Singing after the Holocaust for 75 years and counting

Singing after the Holocaust: Regaining our strength for 75 years and counting

דע מאין באת ולאן אתה הולך

Two things that 2020 is already known for are: 

  1. 75 years since the liberation of Auschwitz
  2. The 13th siyum hashas

Between the years of 1941 and 1945, over 1,100,000 Jewish people were killed in Auschwitz. In 2020, in the United States alone, 88,000 Jewish people attended the siyum hashas.

How did we get here, and where are we going?

The mourning will never end, the losses will always be felt. The cruelty always remembered. But as a nation, what do we see in ourselves? How have we come to where we are now? Despite the attempts of annihilation, we didn’t get to zero, but we did get to hero. 

The milestone of commemorating Holocaust victims’ liberation from the depths of hell calls for remembrance, mourning, and most of all, respect. 

But since the defeat of ‘Arbeit Macht Frei’, it’s also time to rejoice in our healing and in our strength to soldier on. 

Israeli music attests to the Jewish people’s zeitgeist of joy, artistic talent, as well as emuna. 75 years after Auschwitz, we can reflect on how Israeli artists have composed, sung, and performed about the attempts to destroy us, specifically during the Shoah. How Jews around the world have dedicated themselves to study the torah of our fathers.

We take pride in our ability to relish in the sounds of music and in the wisdom of our sages. Our ability to sing songs of faith, and to study words of torah. It is in these practices that we demonstrate our courage to heal, and to revitalize our faith and spirit.

Our roots

Famed Israeli singer Shlomo Artzi, a born to Holocaust survivors in Israel shortly after the founding of the State, mentions or eludes to the Sho’ah and its aftermath in many of his songs. 

In his song הייתי והיינו, for example, Artzi wrote:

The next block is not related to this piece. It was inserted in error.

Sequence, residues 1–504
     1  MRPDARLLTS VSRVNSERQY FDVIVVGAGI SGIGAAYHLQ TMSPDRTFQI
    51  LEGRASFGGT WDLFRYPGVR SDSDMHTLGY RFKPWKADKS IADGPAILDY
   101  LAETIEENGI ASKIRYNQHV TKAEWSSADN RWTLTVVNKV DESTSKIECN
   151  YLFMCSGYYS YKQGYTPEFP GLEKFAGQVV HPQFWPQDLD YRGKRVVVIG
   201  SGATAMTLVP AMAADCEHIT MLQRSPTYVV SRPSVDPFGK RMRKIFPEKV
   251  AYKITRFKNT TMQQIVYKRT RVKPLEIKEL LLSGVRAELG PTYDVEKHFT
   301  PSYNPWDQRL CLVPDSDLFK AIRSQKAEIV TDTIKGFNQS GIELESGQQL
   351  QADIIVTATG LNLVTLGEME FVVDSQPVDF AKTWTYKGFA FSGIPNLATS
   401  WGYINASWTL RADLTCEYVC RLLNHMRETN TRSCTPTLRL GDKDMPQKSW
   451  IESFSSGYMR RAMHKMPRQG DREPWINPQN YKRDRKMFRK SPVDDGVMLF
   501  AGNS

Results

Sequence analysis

עם כל היהודים הייתי היסטוריה”

הייתי גם בזרועות של אבי.

הייתי ביום השואה הראשון,

וביום השני וביום השלישי,

בכיתי לפני שהלכתי לישון,

שני סנטימטרים ממיטת אימי”

Our fathers’ hands which trembled and shivered throughout the death march and held the weight of bricks and mortar at labor camps — are the ones that embraced us with pride in their very own arms. 

More recently, in his weekly column in Yedioth Achronot, Artzi shared his familial connection to the daf yomi tradition. He also described how personally moved he was when saw pictures of this year’s siyum hashas in New Jersey. 

Artzi is in fact the great-nephew of Rav Meir Shapiro, who introduced the idea for daf yomi in 1923. Artzi’s maternal grandmother, known to his family as Rucha’le, was the sister of Rav Meir Shapiro. 

הסביר וסיפר מדוע דווקא האירוע הזה ריגש אותו: “אז זה הרטיט אותי. ולא בגלל שאני אברך. אלא כי האיש שהמציא והנהיג את הקריאה הזאת בש”ס בתחילת המאה הקודמת, שמו היה הרב מאיר שפירא, והוא היה אח של סבתא שלי רחל (רוחל’ה), קראנו לה…

Shlomo Artzi may not be an Orthodox Jew, but he is nonetheless living proof to the continuity of Jewish faith and tradition.

Despite the burning and destruction of thousands of sifrei torah and Jewish scriptures, the daf yomi tradition has been embraced by its pupils and their pupils. Attesting to the Jewish people’s love and thirst for the study of torah.

The miracles

A direct descendant of European Jewry and of resistance to anti-Semitism, what’s known today as the Israel Philharmonic Orchestra was founded as the Palestine Orchestra by violinist Bronisław Huberman in 1936, at a time of the dismissal of many Jewish musicians from European orchestras. Its inaugural concert took place in Tel Aviv on December 26, 1936.

Its general manager between 1938 and 1945 was Leo Kestenberg, who, like many of the orchestra members, was a German Jew forced out by the rise of Nazism and the persecution of Jews.

Zubin Mehta, born in Bombay, India in 1936, recently retired (in 2016) from his role as Music Director of the Israel Philharmonic Orchestra.